A chemical peel is done to re-texture the skin on the face through removing any outer layers that are damaged with the use of a chemical solution. People who have wrinkles, facial blemishes and uneven skin pigmentation can be helped by this procedure, according to the American Society of Plastic Surgeons 1. There are different types of chemical peels, so when considering this procedure, ensure none of the contraindications of chemical peels applies to you.
Certain medications must be discontinued at least five days before a chemical peel and five days after a chemical peel, according to the American Academy of Facial Plastic and Reconstructive Surgery 1. These medications include:
How to Remove Moles With Glycolic Acid
Pregnant women should avoid getting a chemical peel. Women who are lactating should also avoid getting a chemical peel. Salicylic acid is a chemical used in some chemical peels and it can be harmful to the pregnancy as well as to the unborn child. This chemical has been shown to cause various pregnancy complications and birth defects when taken orally in large amounts, according to the website Baby Center 2. Having a strong body or face peel containing this chemical can result in the salicylic acid soaking into the skin; results are similar to consuming at least one or more aspirin during pregnancy, according to Baby Center 2.
- Pregnant women should avoid getting a chemical peel.
- Women who are lactating should also avoid getting a chemical peel.
Active Herpes Lesions
Active herpes lesions are the lesions present when a herpes outbreak is occurring. Herpes is a a virus that is incurable, but controllable with antiviral medications for most patients. The lesions can appear on the mouth, vagina, anus, penis, urethra or cervix. A chemical peel can cause herpetic activation, according to The University of Texas Medical Branch at Galveston. If an outbreak of herpes lesions does occur, acyclovir--a medication used to treat herpes simplex outbreaks--can be used to help treat the lesions and prevent scarring.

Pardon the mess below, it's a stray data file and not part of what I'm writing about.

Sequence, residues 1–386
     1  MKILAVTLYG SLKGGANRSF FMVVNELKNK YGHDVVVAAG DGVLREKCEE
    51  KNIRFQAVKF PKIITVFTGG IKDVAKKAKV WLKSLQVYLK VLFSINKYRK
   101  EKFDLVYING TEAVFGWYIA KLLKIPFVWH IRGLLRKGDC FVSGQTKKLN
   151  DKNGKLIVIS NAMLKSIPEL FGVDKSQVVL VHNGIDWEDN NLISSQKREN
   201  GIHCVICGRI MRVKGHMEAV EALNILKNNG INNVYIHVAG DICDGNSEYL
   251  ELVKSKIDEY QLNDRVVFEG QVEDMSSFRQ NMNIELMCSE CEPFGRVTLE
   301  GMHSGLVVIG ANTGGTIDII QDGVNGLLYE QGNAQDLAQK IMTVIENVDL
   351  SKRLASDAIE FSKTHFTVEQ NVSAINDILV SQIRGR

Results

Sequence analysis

- Active herpes lesions are the lesions present when a herpes outbreak is occurring.
- If an outbreak of herpes lesions does occur, acyclovir--a medication used to treat herpes simplex outbreaks--can be used to help treat the lesions and prevent scarring.
How to Remove Moles With Glycolic Acid
Chemical Peels & Hydroquinone
Folic Acid & Acne Rosacea
What Face Creams Are Unsafe When You Are Pregnant?
Can a Chemical Peel Tighten Skin Around the Eyes?
How to Treat a Salicylic Acid Burn
Side Effects of a Chemical Face Peel
How to Heal Burned Skin From Glycolic Acid
Chemical Peels for Scars
- American Society of Plastic Surgeons: Chemical Peel
- Baby Center: Safe Skin Care During Pregnancy
- O'connor AA, Lowe PM, Shumack S, Lim AC. Chemical peels: a review of current practice. Australas J Dermatol. 2018;59(3):171-181. doi:10.1111/ajd.12715
- Castillo DE, Keri JE. Chemical peels in the treatment of acne: patient selection and perspectives. Clin Cosmet Investig Dermatol. 2018;11:365–372. doi:10.2147/CCID.S137788
- Soleymani T, Lanoue J, Rahman Z. A practical approach to chemical peels: a review of fundamentals and step-by-step algorithmic protocol for treatment. J Clin Aesthet Dermatol. 2018;11(8):21–28.
- Cleveland Clinic. Chemical peels: what to expect.
- Cleveland Clinic. Chemical peels: how to prepare.
- Stanford Healthcare. Techniques: our approach to chemical skin peels.
- Cleveland Clinic. What results can I expect?.
Rose Kitchen is a freelance medical writer pursuing a bachelor's degree in sociology and education. She has a nursing background and is going back to nursing school in September 2011 for her R.N. Kitchen holds a certificate in anatomy and physiology and English and is pursuing certificates in natural and alternative medicine, fitness and nutrition and sports nutrition.